machine)
7) What is the default bootloader? Describe where you can adjust the configuration of this boot loader
8) Which is the default file system that is used by your distribution, explain briefly what is happening
specific to this file system.
9) Which other file systems are supported?
10) Which init system does this distribution use?
11) Which package manager does your distribution use?
12) Is there a front-end / back-end package mananger? If so, describe both the frontend and backend.
13) Give an example of this package manager:
- how to install a program
- how to remove a program,
- how to remove a program including configuration files
- how do you search for a package?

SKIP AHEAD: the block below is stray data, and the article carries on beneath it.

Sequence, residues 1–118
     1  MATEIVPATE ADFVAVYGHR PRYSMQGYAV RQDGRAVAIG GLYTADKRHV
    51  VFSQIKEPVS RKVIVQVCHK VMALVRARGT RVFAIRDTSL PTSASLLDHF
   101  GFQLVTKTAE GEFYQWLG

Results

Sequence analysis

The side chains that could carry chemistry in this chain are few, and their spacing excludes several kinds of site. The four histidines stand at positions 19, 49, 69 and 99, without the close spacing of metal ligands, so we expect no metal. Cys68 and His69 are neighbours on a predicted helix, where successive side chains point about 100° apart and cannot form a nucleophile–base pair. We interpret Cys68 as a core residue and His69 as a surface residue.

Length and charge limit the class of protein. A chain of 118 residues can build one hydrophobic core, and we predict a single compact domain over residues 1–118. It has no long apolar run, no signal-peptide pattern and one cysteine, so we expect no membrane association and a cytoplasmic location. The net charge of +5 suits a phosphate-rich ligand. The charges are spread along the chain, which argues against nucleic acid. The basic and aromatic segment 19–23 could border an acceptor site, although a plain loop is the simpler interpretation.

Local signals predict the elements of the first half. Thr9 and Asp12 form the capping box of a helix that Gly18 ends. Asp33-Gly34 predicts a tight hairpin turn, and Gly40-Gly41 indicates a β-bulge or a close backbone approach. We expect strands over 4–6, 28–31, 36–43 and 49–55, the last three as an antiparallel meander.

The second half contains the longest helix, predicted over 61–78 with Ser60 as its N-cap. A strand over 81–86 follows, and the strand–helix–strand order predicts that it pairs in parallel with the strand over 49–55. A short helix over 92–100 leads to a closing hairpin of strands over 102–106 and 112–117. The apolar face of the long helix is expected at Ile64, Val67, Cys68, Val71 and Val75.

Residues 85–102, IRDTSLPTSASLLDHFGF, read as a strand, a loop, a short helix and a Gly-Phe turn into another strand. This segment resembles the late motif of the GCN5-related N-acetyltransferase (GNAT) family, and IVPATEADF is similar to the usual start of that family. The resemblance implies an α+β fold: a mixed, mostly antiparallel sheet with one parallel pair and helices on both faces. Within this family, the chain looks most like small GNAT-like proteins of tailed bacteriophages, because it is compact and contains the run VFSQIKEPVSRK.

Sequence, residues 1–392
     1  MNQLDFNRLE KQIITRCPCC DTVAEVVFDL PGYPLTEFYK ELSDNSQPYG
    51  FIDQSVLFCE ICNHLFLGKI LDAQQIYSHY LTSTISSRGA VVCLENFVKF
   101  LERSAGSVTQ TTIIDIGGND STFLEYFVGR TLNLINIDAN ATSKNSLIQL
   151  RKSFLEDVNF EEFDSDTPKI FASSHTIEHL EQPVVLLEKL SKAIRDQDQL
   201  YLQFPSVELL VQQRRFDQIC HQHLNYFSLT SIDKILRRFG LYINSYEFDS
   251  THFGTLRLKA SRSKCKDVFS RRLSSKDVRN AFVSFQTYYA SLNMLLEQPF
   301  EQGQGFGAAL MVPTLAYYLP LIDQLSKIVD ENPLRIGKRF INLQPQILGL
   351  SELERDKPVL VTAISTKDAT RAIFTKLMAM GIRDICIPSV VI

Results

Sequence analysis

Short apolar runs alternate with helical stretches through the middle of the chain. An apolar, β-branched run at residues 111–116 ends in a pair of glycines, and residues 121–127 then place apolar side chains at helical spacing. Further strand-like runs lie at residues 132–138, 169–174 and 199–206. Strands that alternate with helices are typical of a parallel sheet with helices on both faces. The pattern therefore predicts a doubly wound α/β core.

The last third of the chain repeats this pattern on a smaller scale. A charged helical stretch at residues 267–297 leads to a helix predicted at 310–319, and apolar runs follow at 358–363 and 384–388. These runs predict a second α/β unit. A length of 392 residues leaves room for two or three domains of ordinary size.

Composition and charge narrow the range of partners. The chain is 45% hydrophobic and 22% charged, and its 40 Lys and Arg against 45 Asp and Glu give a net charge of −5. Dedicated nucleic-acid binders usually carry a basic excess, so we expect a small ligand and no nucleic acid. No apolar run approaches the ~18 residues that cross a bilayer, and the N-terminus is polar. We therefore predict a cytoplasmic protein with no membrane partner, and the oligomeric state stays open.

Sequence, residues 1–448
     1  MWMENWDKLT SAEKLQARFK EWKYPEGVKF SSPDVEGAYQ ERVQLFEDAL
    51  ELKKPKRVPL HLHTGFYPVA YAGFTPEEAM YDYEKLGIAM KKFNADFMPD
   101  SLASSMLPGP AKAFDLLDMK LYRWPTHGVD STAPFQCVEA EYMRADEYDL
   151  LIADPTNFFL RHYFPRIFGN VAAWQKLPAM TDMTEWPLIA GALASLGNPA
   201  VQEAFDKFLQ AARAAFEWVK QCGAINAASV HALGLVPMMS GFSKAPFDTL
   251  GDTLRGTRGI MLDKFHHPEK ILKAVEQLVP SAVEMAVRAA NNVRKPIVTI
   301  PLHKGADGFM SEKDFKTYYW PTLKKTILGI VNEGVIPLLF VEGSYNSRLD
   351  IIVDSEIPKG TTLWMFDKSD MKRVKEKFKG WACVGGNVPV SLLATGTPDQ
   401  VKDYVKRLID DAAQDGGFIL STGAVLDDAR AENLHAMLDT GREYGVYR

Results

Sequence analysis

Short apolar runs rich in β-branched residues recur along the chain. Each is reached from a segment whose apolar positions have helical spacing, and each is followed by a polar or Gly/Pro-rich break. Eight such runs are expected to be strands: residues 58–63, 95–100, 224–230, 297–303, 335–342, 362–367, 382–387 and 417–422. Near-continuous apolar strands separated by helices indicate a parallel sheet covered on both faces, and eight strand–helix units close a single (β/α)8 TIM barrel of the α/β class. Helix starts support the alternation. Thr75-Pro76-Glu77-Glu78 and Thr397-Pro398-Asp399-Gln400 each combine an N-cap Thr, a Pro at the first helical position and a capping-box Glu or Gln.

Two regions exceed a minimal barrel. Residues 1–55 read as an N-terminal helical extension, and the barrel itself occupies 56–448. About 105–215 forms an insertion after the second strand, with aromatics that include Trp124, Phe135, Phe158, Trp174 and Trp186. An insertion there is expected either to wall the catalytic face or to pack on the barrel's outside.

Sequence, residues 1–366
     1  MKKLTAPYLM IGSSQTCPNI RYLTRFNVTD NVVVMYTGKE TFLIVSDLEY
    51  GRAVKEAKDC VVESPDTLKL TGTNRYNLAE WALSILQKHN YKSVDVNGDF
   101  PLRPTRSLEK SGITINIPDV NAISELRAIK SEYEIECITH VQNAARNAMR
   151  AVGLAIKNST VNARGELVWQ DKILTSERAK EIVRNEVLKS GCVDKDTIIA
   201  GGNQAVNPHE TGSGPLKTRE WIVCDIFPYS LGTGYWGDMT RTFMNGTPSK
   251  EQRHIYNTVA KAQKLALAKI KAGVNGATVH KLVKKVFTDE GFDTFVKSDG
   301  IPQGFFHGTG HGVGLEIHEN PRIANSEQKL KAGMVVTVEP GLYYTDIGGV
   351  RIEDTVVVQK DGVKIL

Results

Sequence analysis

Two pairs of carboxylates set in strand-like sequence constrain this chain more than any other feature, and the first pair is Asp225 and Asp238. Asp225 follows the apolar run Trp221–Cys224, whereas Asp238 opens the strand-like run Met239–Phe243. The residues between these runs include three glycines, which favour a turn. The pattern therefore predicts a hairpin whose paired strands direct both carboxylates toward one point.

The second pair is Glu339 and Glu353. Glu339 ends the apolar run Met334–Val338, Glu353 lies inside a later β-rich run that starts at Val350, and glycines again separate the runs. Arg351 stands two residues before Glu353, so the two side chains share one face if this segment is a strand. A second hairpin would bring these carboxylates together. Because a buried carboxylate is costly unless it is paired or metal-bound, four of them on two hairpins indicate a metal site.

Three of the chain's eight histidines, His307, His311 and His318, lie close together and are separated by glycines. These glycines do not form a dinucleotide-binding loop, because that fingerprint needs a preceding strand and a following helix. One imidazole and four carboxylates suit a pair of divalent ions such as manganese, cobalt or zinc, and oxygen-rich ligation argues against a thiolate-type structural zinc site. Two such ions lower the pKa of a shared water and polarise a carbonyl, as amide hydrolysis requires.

- how do you update the system, how do you upgrade the system.
14) does your distribution use an x-server + x-windows or is it different?
15) Which is the default desktop environment that uses your distribution?
16) What is the display manager?
17) What is the window manager?
18) What is the graphical configuration system used in your distribution?
19) If your distribution does not have a package manager, no x-server, etc, or as one or more of
the above questions are not applicable because your distribution is very specific than here
more detail the operation of your distribution. How do you configure it? How do you use the
specific application and / or environment for which this distribution is intended?


#13 amerigena

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Posted 03 January 2018 - 08:45 PM

Graphical configuration system, to me, sounds something like Swami in Bodhi or YAST in SuSE.

My $.02.



#14 Oblio

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Posted 03 January 2018 - 08:53 PM

Ramanio,

 

What questions do you have left?  Shoot the numbers out and we'll give it a go.  That's a pretty comprehensive question list - nice assignment!

 

Cheers!